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Date Posted: 02:47:09 05/25/11 Wed
Subject: Tea Party COUNTER RALLY in Worcester Massachusetts[4.18.11]
Monday, April 18, 2011
Noisy Tax Day protests set a new tone
RALLYING THE FAITHFUL
The Worcester Tea Party held its third annual tax day rally at Lincoln Square yesterday, with attendees displaying numbers representing the national debt.
By Shaun Sutner Telegram & Gazette Staff
WORCESTER — The smallest tea party gathering in the three years that the activist group has been rallying in the city on Tax Day was disrupted yesterday by a tense confrontation with left-wing protesters. The group waded into the rally with megaphones blaring, forcing police to separate the factions.
While many in the crowd of 150 to 200 tea party enthusiasts carried signs calling for smaller government and attacking national health insurance, the counter-protesters sported signs and banners criticizing capitalism and deriding conservatives.
About 15 black-clad anti-Tea Party protesters arrived on foot at Lincoln Square about a half-hour after the rally started at 4 p.m. and immediately moved into the crowd in front of Worcester Memorial Auditorium.
Two police detail officers hired by the Worcester Tea Party, which organized the event and held a permit for the square, pushed the counter-demonstrators back. Several enraged tea party supporters tried to throw punches at their opponents, and people on both sides shouted obscenities.
There were no arrests or injuries.
Police said the anti-tea party group did not have a permit and had to stay well away from the rally, on the other side of Lincoln Street. Police reinforcements arrived a few minutes after the initial confrontation, but there was no further incident, though counter-protesters kept up a steady stream of chants until the rally broke up about 6 p.m.
“You're a bunch of traitors to your own country,” B. Sands, a tea party member from Northboro, shouted at the demonstrators. “Go to Russia. Go to China.”
“You're a … Nazi,” one of them yelled back.
At the lectern, Loren Spivack, the self-styled “Free Market Warrior” and author of a Dr. Seuss-style parody of President Obama, called on the assembled tea party supporters to use their clout to influence the upcoming Republican primary election and capitalize on recent tea party strength in Congress.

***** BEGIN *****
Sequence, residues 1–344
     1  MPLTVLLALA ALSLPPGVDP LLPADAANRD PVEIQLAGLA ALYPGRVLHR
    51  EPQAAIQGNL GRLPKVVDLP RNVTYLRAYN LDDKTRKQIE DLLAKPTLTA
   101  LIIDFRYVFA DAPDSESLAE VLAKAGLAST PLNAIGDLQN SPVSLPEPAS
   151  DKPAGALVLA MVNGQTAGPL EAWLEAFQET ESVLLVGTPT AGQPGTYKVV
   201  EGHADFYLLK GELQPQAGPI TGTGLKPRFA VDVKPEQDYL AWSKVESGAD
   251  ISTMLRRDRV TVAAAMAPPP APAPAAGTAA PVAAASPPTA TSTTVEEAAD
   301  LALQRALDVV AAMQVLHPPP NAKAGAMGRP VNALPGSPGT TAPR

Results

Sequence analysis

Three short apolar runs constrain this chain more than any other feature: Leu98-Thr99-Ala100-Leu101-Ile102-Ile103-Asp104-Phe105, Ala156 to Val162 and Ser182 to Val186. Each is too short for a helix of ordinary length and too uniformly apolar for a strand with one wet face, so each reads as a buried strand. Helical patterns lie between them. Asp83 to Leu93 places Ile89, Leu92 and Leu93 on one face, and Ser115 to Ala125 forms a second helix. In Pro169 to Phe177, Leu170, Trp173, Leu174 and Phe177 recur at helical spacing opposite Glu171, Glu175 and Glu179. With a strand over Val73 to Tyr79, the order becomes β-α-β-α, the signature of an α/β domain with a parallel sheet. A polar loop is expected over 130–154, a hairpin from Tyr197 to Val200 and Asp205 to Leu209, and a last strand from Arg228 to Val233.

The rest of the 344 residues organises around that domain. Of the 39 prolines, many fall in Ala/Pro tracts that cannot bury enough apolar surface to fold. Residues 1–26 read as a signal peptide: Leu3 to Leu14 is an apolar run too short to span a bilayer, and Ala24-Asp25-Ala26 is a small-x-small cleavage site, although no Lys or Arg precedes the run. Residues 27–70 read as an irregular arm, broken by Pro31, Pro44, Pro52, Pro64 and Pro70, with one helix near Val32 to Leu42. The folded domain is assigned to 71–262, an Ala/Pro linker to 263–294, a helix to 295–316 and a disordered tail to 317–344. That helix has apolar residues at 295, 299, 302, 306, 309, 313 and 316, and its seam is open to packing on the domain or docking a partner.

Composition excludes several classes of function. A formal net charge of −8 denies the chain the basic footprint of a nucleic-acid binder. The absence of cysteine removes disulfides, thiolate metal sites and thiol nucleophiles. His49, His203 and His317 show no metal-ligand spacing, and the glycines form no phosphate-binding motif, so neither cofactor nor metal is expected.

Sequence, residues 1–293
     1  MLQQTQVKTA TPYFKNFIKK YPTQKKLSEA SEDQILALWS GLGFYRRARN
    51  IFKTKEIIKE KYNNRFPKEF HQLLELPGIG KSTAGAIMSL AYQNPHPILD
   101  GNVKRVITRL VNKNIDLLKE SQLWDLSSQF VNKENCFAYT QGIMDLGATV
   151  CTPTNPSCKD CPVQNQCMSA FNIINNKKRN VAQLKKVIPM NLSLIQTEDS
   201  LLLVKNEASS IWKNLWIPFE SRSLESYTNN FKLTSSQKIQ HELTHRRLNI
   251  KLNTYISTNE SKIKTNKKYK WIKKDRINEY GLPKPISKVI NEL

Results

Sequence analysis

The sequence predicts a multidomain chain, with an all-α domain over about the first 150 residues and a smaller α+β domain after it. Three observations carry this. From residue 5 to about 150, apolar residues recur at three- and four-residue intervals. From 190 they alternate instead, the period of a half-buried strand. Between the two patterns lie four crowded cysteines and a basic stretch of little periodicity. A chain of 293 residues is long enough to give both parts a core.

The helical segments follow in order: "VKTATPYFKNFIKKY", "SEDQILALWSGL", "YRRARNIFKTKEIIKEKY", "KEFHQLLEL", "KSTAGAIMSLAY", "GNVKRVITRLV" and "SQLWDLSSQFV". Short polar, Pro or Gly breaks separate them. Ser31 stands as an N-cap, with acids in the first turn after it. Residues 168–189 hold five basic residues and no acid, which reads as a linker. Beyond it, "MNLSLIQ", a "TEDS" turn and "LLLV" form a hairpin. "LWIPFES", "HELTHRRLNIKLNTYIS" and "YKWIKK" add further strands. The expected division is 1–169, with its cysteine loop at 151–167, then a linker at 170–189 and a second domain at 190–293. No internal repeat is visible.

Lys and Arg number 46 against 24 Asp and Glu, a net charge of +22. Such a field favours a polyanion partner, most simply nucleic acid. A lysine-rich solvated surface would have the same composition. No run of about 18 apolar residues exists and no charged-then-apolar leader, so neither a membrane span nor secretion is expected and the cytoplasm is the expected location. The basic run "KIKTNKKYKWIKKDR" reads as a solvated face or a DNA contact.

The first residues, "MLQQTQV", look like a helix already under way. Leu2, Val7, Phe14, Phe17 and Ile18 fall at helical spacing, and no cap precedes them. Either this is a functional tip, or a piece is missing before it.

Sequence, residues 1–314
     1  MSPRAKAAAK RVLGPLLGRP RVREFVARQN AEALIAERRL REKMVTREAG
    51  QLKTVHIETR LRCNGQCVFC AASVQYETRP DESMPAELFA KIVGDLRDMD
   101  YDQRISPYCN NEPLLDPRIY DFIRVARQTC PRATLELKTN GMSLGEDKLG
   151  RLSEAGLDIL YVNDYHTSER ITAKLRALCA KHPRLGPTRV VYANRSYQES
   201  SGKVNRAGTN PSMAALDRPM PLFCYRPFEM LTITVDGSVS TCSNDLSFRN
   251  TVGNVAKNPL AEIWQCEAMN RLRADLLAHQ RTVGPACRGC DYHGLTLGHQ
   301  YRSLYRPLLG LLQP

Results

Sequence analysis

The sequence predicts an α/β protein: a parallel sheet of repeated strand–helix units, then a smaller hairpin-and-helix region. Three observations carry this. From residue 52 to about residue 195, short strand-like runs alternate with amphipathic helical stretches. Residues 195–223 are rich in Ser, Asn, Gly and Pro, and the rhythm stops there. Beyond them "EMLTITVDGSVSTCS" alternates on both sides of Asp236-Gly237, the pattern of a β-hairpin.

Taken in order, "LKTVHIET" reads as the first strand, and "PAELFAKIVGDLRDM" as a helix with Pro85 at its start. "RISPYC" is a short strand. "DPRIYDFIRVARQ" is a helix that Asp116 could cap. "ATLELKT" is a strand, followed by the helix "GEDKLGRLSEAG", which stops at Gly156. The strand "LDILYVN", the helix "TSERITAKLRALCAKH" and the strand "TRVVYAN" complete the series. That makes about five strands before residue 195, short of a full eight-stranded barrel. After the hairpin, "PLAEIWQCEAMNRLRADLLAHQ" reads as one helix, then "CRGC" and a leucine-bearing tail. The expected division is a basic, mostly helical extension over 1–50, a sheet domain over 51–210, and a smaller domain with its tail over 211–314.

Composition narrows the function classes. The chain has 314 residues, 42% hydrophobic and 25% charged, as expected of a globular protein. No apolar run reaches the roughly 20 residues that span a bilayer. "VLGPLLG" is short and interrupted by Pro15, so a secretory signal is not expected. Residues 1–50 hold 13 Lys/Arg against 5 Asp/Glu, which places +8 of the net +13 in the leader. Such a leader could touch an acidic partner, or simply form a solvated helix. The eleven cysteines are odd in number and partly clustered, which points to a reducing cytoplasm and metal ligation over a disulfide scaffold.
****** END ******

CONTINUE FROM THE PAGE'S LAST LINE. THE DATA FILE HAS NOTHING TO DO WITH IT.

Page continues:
“Do you think there's a state in the country where you can run a Republican primary without tea party support?” Mr. Spivack asked. “There's not one. You guys control the Republican Party.”
Circulating in the crowd were the usual assortment of colorful characters who have populated Worcester Tea Party Tax Day rallies in 2010 and 2009 and a national Tea Party Express event last fall, on the eve of the November election.
There was Uncle Sam in red, white and blue garb; Richard Nieber of Northboro, a retired Raytheon designer in a Colonial Minuteman costume, staring down the counter-protesters and equipped with a sword and Kentucky Flintlock pistol replicas; and many others waving the “Don't Tread on Me” Revolutionary War-era flag.
Also on hand were area notables including Worcester City Councilor-at-Large Konstantina B. Lukes; former Republican candidates for elected office Robert Delle of Paxton and William J. McCarthy of Worcester; state Rep. Kevin J. Kuros, R-Uxbridge; Boylston School Committee member Brad Wyatt; and Tantasqua Regional School Committee member James A. Cooke of Brookfield.
Several local media figures also took part, including blogger and businessman Bill Randell, who gave a speech about the rising costs of health care, which he blamed on government mandates, and radio personality Jim Polito, whom Worcester Seven Hills Tea Party leader Bonnie Johnson told the crowd was the local tea party movement's favorite media person.
Yesterday's relatively low turnout was dwarfed by last year's estimated 2,500 attendees and the 1,500 or so who showed up in 2009.
Ken Mandile of Webster, leader of the Worcester Tea Party, said he thought the small crowd resulted largely from the Patriot's Day holiday when most people had to work, lack of a headline speaker, and no major galvanizing national event even though the government's near-shutdown earlier this month was a big tea party cause.
David Manning, 25, of Worcester, had another idea about the cause of the sparse crowd.
“It just seems like it's running out of steam in Worcester,” said Mr. Manning, who was a field director for the campaign of U.S. Rep. James P. McGovern, D-Worcester.
Contact Shaun Sutner by e-mail at email@example.com.
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